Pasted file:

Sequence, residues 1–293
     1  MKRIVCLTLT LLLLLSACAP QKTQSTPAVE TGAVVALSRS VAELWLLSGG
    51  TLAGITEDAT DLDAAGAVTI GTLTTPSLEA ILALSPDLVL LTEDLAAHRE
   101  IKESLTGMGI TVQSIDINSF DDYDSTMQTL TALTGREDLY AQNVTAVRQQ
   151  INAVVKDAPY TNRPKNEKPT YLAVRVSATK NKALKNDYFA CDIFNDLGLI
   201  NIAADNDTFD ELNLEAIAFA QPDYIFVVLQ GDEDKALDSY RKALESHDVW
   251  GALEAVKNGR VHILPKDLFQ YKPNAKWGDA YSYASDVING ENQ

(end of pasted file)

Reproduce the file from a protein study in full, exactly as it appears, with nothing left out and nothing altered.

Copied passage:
Sequence, residues 1–293
     1  MKRIVCLTLT LLLLLSACAP QKTQSTPAVE TGAVVALSRS VAELWLLSGG
    51  TLAGITEDAT DLDAAGAVTI GTLTTPSLEA ILALSPDLVL LTEDLAAHRE
   101  IKESLTGMGI TVQSIDINSF DDYDSTMQTL TALTGREDLY AQNVTAVRQQ
   151  INAVVKDAPY TNRPKNEKPT YLAVRVSATK NKALKNDYFA CDIFNDLGLI
   201  NIAADNDTFD ELNLEAIAFA QPDYIFVVLQ GDEDKALDSY RKALESHDVW
   251  GALEAVKNGR VHILPKDLFQ YKPNAKWGDA YSYASDVING ENQ